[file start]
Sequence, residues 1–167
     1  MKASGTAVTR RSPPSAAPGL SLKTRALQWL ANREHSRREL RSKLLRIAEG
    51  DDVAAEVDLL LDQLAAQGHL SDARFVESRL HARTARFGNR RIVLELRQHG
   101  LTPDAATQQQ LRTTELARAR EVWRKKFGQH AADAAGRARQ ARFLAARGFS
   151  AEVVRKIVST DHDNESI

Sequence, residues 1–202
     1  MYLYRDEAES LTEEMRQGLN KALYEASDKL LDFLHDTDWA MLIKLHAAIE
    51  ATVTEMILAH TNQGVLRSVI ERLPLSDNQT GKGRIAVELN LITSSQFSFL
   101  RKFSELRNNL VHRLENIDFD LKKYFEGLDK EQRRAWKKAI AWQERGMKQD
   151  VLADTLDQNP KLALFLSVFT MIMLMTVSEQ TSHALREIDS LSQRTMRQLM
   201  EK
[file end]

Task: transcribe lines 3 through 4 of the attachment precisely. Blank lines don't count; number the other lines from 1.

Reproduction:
    51  DDVAAEVDLL LDQLAAQGHL SDARFVESRL HARTARFGNR RIVLELRQHG
   101  LTPDAATQQQ LRTTELARAR EVWRKKFGQH AADAAGRARQ ARFLAARGFS